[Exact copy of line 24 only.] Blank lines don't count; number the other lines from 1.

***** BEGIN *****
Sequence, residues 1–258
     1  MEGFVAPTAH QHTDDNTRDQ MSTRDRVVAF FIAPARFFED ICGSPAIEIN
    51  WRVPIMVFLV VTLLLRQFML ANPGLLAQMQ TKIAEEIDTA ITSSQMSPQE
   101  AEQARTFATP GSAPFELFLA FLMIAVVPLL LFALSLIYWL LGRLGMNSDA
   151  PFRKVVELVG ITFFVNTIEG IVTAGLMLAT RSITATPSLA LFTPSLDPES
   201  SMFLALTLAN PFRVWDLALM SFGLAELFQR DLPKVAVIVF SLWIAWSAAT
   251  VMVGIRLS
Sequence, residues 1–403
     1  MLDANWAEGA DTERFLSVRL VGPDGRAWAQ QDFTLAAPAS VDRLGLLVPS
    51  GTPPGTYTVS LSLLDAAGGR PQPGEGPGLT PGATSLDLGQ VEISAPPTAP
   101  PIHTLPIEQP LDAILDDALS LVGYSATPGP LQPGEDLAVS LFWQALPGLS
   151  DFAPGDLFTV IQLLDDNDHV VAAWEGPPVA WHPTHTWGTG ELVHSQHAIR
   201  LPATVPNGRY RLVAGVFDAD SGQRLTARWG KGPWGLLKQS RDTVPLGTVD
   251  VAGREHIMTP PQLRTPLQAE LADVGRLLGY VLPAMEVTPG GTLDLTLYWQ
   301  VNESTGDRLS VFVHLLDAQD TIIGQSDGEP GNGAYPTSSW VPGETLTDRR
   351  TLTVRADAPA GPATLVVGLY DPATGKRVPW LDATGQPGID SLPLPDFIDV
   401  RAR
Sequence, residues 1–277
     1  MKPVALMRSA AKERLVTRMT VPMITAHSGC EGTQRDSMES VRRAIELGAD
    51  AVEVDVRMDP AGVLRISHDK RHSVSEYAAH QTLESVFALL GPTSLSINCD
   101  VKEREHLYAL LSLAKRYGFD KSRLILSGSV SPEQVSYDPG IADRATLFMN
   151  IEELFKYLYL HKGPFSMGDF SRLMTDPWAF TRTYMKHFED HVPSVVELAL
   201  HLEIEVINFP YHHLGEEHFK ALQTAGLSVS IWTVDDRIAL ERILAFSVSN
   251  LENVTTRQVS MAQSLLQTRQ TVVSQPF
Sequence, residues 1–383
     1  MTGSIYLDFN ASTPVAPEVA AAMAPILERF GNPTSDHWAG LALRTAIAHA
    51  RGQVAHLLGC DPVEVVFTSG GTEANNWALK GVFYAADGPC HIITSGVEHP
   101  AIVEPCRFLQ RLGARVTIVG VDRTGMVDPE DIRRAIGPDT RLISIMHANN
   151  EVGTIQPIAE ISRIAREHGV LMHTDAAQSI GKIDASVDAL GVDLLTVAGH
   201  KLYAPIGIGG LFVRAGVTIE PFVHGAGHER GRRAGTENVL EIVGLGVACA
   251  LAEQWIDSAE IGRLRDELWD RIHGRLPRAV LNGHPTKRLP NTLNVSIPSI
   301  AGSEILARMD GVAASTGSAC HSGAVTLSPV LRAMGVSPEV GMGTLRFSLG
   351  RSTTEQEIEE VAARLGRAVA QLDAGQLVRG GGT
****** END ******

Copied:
   251  LENVTTRQVS MAQSLLQTRQ TVVSQPF